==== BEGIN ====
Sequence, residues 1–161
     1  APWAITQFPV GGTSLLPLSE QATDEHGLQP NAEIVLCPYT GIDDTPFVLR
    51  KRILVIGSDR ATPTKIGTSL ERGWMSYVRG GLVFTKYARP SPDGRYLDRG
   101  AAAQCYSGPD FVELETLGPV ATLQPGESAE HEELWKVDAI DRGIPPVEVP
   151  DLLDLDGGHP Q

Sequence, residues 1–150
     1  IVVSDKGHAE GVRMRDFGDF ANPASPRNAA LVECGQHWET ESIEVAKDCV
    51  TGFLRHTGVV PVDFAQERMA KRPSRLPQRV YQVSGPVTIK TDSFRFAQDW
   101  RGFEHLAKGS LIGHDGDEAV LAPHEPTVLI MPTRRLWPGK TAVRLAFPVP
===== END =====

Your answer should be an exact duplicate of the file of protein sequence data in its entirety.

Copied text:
Sequence, residues 1–161
     1  APWAITQFPV GGTSLLPLSE QATDEHGLQP NAEIVLCPYT GIDDTPFVLR
    51  KRILVIGSDR ATPTKIGTSL ERGWMSYVRG GLVFTKYARP SPDGRYLDRG
   101  AAAQCYSGPD FVELETLGPV ATLQPGESAE HEELWKVDAI DRGIPPVEVP
   151  DLLDLDGGHP Q

Sequence, residues 1–150
     1  IVVSDKGHAE GVRMRDFGDF ANPASPRNAA LVECGQHWET ESIEVAKDCV
    51  TGFLRHTGVV PVDFAQERMA KRPSRLPQRV YQVSGPVTIK TDSFRFAQDW
   101  RGFEHLAKGS LIGHDGDEAV LAPHEPTVLI MPTRRLWPGK TAVRLAFPVP